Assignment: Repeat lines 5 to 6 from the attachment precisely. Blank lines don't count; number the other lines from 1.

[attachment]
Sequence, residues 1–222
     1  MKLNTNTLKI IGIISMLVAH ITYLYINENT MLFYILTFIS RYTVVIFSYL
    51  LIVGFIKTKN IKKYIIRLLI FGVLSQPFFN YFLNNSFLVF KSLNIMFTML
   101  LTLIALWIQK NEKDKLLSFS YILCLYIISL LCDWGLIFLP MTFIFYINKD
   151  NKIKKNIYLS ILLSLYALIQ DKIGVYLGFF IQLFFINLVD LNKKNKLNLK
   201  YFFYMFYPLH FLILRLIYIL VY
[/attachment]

   151  NKIKKNIYLS ILLSLYALIQ DKIGVYLGFF IQLFFINLVD LNKKNKLNLK
   201  YFFYMFYPLH FLILRLIYIL VY